Categories: Uncategorized

Sick transit on a glorious Monday (sic)

August 25, 2009 Leave a comment

Well, you’re about to do it again – waste a few minutes of your apparently-not-so-precious time reading the tripe that I put out. Hey, hey, just kidding! Get the mouse pointer away from the back button!!

‘Tis the season folks – of swine flu, that is. If you’ve had to depart from one of India’s airports during the past week, you’ve doubtless seen the upsurge in the number of people wanting to look like “The Phantom”. So it was last Monday when I headed out on a manic itinerary that took 36 hours to get me from BLR to BOS. The airport was awash with masks of all shapes, sizes and hues. It really was quite a tall order to not get caught up in the hysteria, to eschew all human contact altogether and aim for the security line only when no one else is in sight. All this of course, only to sit in a confined space with no ventilation for the better part of two days. Still, I can’t complain – with countless episodes of “The Simpsons” to keep me busy and a super-skinny flu-free and kid-free dude next to me, my seemingly interminable hours of airborne existence were thankfully uneventful.  This weekend, I get to go through the rigmarole in reverse – SFO to BLR. Hope Emirates has reloaded its video collection for the long haul. Swine flu, enjoy your day in the sun. As they said in the (real) old days  – sic transit gloria mundi.

The real find of the trip for me has been Google Voice. Prior to the trip, I was stoked about handing out my Google Voice number to all and sundry and have cool stuff like voicemail available on the cloud, as is de rigueur these days. Little did I realize the comic possibilities of transcribed voicemail messages. The good QA folks at Google haven’t really given this baby a spin with Indian voices, accents and names, I can tell. I may be Guru to you folks. However, Google prefers, for reasons best left unexamined, to call me Andrew, Joe or Lou. In one message, I got a pretty edgy moniker as “Group”. But in the next message, I was brought crashing back to earth when Goog called me a “Girl”.  Pretty humiliating, I can tell you – being rechristened a “Girl” by a nameless (but not voiceless) computer.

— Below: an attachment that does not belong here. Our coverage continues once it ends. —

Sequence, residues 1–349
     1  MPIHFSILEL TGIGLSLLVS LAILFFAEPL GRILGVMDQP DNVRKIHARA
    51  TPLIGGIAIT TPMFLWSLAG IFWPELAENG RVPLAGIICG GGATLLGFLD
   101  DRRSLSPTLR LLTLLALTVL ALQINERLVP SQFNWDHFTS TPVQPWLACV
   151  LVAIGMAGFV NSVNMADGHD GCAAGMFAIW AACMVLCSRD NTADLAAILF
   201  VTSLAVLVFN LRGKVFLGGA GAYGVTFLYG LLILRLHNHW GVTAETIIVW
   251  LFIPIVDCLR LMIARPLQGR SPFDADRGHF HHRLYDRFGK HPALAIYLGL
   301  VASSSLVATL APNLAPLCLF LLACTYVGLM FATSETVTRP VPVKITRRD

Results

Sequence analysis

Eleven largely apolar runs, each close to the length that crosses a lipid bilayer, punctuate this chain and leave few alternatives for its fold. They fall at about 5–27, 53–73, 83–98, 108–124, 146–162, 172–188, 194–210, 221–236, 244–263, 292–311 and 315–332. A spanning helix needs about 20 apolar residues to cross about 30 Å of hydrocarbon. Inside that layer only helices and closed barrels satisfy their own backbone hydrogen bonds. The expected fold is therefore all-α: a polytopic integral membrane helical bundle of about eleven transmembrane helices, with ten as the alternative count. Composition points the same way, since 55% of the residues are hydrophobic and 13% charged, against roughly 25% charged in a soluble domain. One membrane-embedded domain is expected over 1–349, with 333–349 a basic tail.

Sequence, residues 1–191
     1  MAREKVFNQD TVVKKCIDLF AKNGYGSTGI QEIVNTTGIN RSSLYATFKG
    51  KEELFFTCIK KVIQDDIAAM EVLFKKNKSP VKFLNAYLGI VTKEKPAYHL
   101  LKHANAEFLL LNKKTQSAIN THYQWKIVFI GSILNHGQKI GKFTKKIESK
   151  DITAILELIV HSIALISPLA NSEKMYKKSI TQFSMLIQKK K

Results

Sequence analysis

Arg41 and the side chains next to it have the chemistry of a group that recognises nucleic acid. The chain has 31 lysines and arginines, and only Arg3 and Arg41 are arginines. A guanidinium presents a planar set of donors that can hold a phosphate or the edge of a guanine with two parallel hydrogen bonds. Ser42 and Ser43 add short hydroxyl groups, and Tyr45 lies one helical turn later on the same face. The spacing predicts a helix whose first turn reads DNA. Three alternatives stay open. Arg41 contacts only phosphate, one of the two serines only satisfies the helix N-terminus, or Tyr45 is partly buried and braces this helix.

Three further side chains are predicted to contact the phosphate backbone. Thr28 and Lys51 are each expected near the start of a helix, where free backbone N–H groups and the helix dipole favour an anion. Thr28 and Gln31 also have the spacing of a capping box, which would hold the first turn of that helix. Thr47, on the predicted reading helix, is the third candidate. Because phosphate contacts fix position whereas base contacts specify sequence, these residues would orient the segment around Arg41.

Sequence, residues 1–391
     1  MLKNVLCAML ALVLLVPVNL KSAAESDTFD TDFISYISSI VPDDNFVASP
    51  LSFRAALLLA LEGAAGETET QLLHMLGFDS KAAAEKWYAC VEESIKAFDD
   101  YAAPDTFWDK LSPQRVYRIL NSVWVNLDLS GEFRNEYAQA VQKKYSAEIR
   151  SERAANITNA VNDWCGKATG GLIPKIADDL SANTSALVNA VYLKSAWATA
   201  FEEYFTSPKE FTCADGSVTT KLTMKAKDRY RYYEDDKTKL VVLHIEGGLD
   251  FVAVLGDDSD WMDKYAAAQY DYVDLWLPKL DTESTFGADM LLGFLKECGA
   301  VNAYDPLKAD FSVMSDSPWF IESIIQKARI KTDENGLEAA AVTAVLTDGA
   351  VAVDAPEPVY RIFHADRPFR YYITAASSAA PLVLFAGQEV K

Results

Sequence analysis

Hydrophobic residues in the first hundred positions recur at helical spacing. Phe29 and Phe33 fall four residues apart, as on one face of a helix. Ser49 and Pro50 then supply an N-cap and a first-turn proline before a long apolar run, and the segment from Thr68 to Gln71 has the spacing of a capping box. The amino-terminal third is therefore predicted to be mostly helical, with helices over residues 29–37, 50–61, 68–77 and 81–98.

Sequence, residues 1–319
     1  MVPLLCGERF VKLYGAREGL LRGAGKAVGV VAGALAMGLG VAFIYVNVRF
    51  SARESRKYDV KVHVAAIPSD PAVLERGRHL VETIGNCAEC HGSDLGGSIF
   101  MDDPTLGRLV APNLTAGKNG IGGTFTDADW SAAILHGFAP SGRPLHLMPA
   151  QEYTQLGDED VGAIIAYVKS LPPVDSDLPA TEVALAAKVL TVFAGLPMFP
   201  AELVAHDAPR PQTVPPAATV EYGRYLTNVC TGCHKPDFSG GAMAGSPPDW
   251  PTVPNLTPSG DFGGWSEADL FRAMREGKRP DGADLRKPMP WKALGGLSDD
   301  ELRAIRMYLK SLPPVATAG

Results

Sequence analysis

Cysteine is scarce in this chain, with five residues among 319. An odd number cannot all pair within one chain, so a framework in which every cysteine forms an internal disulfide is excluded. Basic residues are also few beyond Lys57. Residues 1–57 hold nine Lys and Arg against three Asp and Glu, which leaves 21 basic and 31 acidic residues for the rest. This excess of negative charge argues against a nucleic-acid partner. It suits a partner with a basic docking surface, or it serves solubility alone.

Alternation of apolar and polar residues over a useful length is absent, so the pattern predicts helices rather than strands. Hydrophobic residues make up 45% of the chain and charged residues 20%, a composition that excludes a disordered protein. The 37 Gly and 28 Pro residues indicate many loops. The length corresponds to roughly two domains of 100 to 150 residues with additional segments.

ROTFL? You bet! Here’s an example to get you rolling: I didn’t quite get the drift when, at the end of a long message, a friend seemed to say : There is a little pork I’m going to try and place next to the house. When are you coming over to defend our house?”. Ominous. What’s with the pork, I thought and why place it next to the house when the house needs defending? Live free or die sounds good on a number plate, but I didn’t sign up for this porcine defense. Later, I heard the voicemail on the Google Voice website, where the message was a far more benign: “There is a poker game planned tonight in Raj’s house. When are you coming over to Jatinder’s house?” Go figure…

 

I encourage all my friends to call and call often – and if you’re Indian, Chinese, German, French, Bulgarian, Russian – or in any way blessed with an exotic accent, please, do leave a message. Please.

So folks, If you aren’t on Google voice, you have to sign up quick – before the spoilsports at Google fine-tune, “improve” and take the fun out of transcription.

Categories: Uncategorized